IRU white paper on the future of commercial road transport in the European Union.


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Présenté à la Commission européenne, ce Livre Blanc sur l'avenir du transport routier commercial fait état de la situation actuelle et préconise certaines politiques prioritaires dans le nouveau contexte économique, social et environnemental. Il appelle à un véritable partenariat public-privé dans la nouvelle politique européenne pour répondre aux besoins de mobilité durable.
Cet objectif peut être atteint grâce à des législations appropriées, des politiques permettant le libre choix du mode de transport, l'appui à l'innovation, le doublement de l'usage des transports en commun, des transports sécurisés, une politique d'infrastructure adéquate et correctement financée, une main-d'oeuvre pérenne et une politique des transports urbains lisible.



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Publié le 01 janvier 2009
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Langue English
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IRU White Paper on the Future of Commercial Road Transport in the EU
 Preface  The International Road Transport Union (IRU) has prepared this White Paper in the framework of the European Commission consultations on the future European Union (EU) Transport Policy which began in November 2008.  The IRU White Paper sets out the vision of the commercial road transport industry on how European transport, logistics and travel should develop in the coming decades and why.  
IRU White Paper on the Future of Commercial Road Transport in the EU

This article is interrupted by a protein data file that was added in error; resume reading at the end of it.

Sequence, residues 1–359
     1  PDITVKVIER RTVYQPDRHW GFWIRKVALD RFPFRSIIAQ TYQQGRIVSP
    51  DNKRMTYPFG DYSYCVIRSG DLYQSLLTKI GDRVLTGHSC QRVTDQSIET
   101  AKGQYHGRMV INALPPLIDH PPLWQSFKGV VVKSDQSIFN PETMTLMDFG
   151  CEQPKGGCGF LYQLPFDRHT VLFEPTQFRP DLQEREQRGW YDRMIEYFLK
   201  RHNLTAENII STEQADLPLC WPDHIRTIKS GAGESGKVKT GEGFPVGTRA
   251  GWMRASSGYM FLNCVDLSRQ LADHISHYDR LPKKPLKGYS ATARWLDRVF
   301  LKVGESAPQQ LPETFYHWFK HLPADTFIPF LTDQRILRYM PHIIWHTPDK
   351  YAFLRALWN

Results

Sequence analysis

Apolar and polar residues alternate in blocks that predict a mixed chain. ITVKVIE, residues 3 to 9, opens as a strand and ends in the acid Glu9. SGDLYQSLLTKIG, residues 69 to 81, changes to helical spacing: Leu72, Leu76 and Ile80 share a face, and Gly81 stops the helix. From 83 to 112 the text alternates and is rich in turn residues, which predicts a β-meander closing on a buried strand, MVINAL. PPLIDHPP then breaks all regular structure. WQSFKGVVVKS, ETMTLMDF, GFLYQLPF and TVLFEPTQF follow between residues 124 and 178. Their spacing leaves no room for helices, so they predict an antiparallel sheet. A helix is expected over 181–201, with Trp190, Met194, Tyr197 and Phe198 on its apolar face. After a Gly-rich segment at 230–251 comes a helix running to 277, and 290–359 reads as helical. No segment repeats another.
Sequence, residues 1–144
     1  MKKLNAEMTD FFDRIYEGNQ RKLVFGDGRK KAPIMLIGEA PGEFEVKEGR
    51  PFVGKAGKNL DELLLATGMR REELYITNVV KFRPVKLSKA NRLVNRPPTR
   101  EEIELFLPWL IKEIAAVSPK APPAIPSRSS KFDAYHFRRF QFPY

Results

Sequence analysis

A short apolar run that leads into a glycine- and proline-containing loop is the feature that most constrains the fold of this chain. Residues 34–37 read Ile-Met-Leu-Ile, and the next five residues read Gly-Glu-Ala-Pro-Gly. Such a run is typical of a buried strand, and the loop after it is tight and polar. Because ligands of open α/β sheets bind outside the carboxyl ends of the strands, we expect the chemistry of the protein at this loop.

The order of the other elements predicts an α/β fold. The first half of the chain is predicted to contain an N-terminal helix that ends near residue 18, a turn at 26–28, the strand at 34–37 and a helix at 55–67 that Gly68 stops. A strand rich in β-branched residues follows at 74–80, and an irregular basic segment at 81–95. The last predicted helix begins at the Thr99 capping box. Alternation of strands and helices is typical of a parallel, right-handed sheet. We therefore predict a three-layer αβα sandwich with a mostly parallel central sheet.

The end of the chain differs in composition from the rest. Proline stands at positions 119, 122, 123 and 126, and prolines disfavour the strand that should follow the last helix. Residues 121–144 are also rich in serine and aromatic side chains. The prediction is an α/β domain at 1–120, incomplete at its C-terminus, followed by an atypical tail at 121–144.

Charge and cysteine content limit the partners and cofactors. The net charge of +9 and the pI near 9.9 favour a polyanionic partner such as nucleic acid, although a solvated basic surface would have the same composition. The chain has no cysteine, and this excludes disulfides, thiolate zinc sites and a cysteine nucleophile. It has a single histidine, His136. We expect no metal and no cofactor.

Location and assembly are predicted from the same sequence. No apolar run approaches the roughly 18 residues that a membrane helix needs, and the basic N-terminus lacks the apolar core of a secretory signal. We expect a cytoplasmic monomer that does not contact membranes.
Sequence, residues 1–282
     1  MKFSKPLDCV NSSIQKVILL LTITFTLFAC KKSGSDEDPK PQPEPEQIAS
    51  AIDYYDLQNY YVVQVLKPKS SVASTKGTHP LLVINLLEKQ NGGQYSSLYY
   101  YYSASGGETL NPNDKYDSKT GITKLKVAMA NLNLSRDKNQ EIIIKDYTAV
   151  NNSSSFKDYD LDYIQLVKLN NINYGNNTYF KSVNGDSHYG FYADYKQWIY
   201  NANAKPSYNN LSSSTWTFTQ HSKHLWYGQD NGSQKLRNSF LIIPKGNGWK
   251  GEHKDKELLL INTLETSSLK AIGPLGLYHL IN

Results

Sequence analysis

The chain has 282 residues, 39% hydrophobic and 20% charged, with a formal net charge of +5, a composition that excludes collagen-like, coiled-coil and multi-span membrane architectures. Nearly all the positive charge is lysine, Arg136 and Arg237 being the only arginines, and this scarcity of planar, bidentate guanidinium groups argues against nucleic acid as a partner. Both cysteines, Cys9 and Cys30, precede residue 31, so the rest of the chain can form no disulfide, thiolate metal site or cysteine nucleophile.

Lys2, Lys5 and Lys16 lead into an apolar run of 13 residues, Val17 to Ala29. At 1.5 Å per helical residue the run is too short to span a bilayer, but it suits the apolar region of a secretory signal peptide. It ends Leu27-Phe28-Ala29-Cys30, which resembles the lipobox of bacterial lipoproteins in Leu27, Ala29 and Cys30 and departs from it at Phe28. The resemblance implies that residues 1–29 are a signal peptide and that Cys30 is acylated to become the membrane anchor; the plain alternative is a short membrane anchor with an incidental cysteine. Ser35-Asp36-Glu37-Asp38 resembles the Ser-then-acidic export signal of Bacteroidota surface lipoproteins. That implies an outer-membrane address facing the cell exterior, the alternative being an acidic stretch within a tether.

The IRU s Vision  There is a need for a new approach as to how EU public and private stakeholders reach common accord with national and European regulators over the priorities and policies required to establish an even safer, more environmentally sustainable and efficient transport system in Europe.  This system must deliver the ecological, economic and social needs of all EU citizens. The IRU is convinced that this will be achieved through prioritising policies which contain the synergies to enhance both transport facilitation and sustainability. These include:  Light touch legislation: Rather than providing a regulation for every transport challenge, a greater emphasis on enforcement of existing rules, industry-own initiatives and implementing best practices must be used to achieve commonly held environmental, safety, social and operational goals.  Market driven free modal choice:discriminate against or penalise any oneDo not transport mode but rather create a fiscal and operational level playing field in which the transport system, and thus all modes, are able to exploit their full potential, and in which co-modality will thrive following the removal of legal, organisational and technical barriers.  Innovation:New ideas and technology must be encouraged to realise viable alternative energy sources to oil, more fuel efficiency and lower CO2emissions. Co mercial road transport will commit to reducing CO2 even further by emissions m introducing clear and realistic goals. This should be achievable through a combination of new vehicle technologies, new logistics concepts such as ITS, reduced fuel consumption through eco driving techniques and an increased share of collective transport by bus, coach and taxi. Efficiencies will be gained through as yet unimplemented innovations such as the European Modular System which will not only make freight transport greener but also lead to better rather than more transport.  Doubling collective passenger transport s share: Buses, coaches and taxis will continue to be safe, environmentally-friendly and affordable alternatives to the private car. Increasing their share is possible through efficiently functioning markets, appropriate business-friendly legislation, innovative and competitive services and a level playing field between transport modes.  Single enforcement space:Common controls and harmonised enforcement best practices across Europe will complement the common regulatory framework for international road transport and guarantee efficiency for operators, protection of employment standards and enhanced control over road safety.  Transport free of crime: Drivers must work without fear of assault while resting alongside the road and companies must be able to remain compliant with driving and rest time rules through the provision of sufficient rest facilities and the security required for the protection of drivers, passengers and goods.  Well directed and funded infrastructure policy: Filling in the missing links in the road network, including safe parking and city terminals for bus and coach transport, will reduce congestion, which in turn will save not only money but increase road safety and reduce the emissions that needlessly pollute due to frequent stop-and-go traffic.